Most of the people I know who are over 80 take naps every day. That’s something those of us over 50 but still working don’t have the luxury to do. Although I don’t usually nap even on days off, I think that one of the benefits of retirement for me will be the ability take an afternoon nap if I want to.
It used to be part of the culture in Europe. I remember being in Europe back in 1972 and being amazed that many businesses shut down for lunch and an afternoon siesta. This was especially true in the warmer Mediterranean countries. Now, due to our pernicious example, many Europeans have adopted American working habits. But there’s a lot to be said for recharging the batteries and avoiding the midday sun.
While I don’t get to nap in the afternoon, my commuting does have the advantage of giving me at least 30 minutes of nap-available time on my bus trip home. I take advantage of that opportunity fairly often. To me, that’s one of the prime benefits of using mass transit.
Before I started working in Manhattan, I commuted to various New Jersey locations by car every day. Many were the days when the commute was more tiring than the job. Now, in exchange for a monthly payment to New Jersey Transit, I get to leave the driving to someone else and take a nap. I find that when I get a chance to take a nap on the commute home, I feel refreshed for my evening. But when I don’t, I often find my eyes closing as I watch television after about 9:30. On those days, it’s bed by 10:00. I recognize this as a result of age because I never had trouble staying awake before I hit 50.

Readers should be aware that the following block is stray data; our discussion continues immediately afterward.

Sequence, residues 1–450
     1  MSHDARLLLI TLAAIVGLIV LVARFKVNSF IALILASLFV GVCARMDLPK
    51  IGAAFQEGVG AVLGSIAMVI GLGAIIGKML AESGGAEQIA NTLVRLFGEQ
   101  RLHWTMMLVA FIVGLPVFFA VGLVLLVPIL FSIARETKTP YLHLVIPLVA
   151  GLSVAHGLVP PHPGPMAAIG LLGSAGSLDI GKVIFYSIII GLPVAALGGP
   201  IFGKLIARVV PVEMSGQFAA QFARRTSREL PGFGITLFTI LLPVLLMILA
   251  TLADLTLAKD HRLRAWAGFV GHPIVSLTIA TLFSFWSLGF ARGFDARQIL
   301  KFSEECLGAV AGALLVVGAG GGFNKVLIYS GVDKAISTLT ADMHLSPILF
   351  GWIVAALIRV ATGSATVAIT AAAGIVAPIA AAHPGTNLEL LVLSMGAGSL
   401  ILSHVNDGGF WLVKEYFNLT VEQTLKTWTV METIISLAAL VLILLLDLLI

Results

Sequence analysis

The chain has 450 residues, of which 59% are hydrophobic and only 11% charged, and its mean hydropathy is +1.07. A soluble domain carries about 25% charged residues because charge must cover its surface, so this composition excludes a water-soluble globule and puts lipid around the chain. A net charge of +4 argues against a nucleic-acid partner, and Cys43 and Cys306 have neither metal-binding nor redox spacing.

The other change in my sleeping patterns that has emerged since I turned 50 is that I awake at sunrise no matter whether it’s a work day or not. Years ago I could just turn over and go back to sleep. But now I find I am physically uncomfortable staying in bed. So even on vacation I was up at 6 and in bed by 10.
Apart from the issue of sleep is the fact that in recent years I find that whenever I sit in a darkened room my eyes close, even if that darkened room happens to be a movie house or a Broadway theater. Billy Crystal speaks elegantly of this phenomenon in his book, “Still Foolin’ ‘Em,” which I wrote about on this blog last October.
In his case, it’s particularly embarrassing because people recognize him as he nods off at a Broadway show. For me, at least there’s the anonymity of just being that old person nodding off. But this nodding off syndrome has nothing to do with being tired or even the time of day. It has to do with the dark, and being over 50.
Oh, and it may have something to do with all the medications I have been taking since I turned 50. So as I make my way to old age I know that I’ll be sleeping more and more all the time. The timing may be a bit off because while my grandson Bryce still sleeps most of every day, he’s sleeping less all the time. Soon he’ll be awake more than me. And that’s OK. I’ll need someone to cut the lawn while I nap.